Everyday: I’ve stumbled across some dandy domestic albariños in recent months (Abrente, Cambiata, Tangent), but Spain still rules the roost with this varietal. Especially when they’re priced like the 2012 Senorio de Cruces Rias Baixas Albariño ($13), a refreshing, bright and juicy rendition. The citrus-dominated fruit turns plumper and plusher on the midpalate and finish, which is mouth-watering enough to make this a dandy dinner wine. Try seared scallops with pretty much any ol’ glaze, or grilled chicken with a lemon-herb marinade or even a barbecue sauce. A great soundtrack for savoring this sprightly, soothing white comes from the late, seriously great Cape Verdean singer known as the “Barefoot Diva,” Cesaria Evora.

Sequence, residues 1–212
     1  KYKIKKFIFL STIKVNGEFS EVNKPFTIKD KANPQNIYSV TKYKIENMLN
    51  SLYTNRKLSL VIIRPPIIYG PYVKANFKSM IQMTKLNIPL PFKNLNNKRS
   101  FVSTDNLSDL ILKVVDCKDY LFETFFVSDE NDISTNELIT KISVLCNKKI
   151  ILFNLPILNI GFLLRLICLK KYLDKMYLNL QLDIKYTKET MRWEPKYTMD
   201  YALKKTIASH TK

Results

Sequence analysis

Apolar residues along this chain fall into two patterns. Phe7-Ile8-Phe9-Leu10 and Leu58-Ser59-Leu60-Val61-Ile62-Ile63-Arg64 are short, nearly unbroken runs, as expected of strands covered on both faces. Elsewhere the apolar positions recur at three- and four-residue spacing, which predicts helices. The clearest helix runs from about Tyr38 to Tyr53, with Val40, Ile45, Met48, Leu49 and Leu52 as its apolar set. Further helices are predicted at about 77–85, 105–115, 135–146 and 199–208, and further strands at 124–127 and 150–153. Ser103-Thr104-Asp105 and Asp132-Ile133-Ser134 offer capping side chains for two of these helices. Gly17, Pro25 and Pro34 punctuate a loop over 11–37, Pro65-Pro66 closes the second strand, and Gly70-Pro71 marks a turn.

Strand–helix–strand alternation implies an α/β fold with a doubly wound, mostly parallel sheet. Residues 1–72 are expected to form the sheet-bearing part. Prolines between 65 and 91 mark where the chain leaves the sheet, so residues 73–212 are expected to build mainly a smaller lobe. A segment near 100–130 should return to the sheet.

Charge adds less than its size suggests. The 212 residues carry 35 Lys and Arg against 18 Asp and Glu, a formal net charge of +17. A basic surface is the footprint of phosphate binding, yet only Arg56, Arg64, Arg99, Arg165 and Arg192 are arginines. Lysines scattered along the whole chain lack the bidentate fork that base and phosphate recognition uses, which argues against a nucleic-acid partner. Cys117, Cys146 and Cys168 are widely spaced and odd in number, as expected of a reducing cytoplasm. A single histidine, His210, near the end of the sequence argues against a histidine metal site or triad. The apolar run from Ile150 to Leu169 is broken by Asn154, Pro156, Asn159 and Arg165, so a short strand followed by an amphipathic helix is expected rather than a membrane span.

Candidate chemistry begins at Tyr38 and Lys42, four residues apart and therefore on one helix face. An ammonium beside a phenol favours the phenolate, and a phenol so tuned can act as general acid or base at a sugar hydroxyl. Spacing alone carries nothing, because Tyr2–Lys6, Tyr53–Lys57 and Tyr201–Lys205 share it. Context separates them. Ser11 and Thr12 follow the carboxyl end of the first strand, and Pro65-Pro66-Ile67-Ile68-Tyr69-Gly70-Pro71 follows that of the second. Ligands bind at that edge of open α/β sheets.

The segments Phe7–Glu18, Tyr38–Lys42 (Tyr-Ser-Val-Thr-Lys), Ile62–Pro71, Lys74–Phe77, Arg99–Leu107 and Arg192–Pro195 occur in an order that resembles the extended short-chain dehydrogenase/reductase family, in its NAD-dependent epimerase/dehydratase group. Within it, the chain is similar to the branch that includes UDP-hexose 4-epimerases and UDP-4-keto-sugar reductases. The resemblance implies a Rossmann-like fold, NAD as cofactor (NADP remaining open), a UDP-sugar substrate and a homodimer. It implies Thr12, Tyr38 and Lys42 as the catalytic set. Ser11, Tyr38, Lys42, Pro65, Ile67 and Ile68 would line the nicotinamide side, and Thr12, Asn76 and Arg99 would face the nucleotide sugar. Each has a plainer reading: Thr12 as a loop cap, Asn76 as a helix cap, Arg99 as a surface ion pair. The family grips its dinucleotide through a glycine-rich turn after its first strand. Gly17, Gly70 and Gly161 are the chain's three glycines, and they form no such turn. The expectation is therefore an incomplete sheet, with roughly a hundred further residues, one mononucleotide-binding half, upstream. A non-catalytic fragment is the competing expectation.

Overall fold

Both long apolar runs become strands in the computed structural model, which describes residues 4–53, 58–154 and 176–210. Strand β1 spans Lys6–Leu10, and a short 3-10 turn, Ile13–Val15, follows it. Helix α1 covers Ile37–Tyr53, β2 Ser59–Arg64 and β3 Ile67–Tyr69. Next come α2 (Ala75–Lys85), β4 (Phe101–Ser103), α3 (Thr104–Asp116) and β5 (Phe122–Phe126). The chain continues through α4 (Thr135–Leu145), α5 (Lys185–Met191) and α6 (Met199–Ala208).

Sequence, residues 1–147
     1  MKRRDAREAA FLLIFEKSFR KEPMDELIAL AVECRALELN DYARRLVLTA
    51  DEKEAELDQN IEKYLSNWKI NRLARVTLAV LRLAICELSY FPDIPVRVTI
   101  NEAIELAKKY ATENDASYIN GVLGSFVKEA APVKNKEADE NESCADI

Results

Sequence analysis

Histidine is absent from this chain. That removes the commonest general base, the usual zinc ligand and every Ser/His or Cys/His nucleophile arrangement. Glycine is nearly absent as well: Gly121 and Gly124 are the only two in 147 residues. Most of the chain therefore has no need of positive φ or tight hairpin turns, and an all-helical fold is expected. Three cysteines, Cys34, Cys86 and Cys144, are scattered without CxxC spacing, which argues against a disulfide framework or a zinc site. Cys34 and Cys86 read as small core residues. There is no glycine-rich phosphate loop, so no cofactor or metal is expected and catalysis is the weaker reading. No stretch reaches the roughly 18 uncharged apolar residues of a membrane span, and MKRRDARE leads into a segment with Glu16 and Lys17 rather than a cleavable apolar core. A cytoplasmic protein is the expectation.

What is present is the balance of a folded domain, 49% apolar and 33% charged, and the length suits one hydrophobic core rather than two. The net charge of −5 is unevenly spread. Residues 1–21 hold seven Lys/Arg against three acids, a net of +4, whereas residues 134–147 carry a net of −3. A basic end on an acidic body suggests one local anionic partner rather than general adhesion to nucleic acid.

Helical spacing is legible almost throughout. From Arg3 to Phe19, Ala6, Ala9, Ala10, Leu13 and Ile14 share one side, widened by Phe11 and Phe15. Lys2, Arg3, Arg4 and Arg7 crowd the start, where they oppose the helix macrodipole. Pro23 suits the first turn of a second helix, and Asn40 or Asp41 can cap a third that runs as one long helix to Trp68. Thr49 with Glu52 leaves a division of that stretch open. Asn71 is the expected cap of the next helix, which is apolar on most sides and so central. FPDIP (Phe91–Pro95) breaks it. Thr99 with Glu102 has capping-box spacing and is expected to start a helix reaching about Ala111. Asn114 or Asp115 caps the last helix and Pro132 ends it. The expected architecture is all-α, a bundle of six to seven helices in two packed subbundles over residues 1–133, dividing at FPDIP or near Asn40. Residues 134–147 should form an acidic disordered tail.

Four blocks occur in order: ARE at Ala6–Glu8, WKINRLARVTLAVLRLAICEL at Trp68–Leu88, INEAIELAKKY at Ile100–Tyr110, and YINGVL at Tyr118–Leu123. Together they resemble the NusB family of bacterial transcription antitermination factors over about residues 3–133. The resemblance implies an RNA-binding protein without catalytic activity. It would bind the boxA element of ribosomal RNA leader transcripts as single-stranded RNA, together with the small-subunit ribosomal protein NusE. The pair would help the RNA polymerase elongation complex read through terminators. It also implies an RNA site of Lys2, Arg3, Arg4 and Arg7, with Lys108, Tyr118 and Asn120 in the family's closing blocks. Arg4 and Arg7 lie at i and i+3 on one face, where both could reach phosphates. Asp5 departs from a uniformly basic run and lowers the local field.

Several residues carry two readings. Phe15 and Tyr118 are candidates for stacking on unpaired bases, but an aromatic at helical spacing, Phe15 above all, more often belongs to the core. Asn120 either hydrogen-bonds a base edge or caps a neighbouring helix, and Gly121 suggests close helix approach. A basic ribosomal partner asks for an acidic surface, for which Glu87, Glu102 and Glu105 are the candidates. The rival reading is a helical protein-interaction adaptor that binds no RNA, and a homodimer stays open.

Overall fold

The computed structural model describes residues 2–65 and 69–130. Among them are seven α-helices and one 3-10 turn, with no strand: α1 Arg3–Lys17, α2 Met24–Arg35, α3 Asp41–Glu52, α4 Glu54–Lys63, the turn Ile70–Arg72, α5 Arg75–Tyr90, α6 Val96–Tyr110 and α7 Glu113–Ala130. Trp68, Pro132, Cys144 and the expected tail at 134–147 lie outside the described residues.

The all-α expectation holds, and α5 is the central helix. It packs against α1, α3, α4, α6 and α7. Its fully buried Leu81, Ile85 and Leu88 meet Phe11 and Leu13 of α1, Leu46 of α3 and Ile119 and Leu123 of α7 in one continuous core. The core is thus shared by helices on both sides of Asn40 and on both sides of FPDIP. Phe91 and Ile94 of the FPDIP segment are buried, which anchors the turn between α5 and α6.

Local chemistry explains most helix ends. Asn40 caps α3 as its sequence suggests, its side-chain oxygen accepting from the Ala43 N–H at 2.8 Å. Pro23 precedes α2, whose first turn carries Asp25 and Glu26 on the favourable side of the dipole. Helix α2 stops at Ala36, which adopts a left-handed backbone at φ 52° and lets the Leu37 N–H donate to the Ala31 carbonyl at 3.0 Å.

Occasion: One benefit of cabernet franc’s never gaining merlot- or pinot-like popularity out west is that it hasn’t been planted inplaces inhospitable to this marvelous grape. A site in Livermore spawns a fantastic rendition, the 2010 Steven Kent Ghielmatti Vineyard Livermore Valley Cabernet Franc ($50), whose mingling of earthy, herby and red fruit is pure perfection. Bonus points for the more-than-sufficient stuffing, depth and length. Burgers or meat loaf, grilled pork chops and roasted root vegetables are among the optimum accompaniments. Ditto the raw but pure singing on songwriting from the first (and still my favorite) album by Lucinda Williams.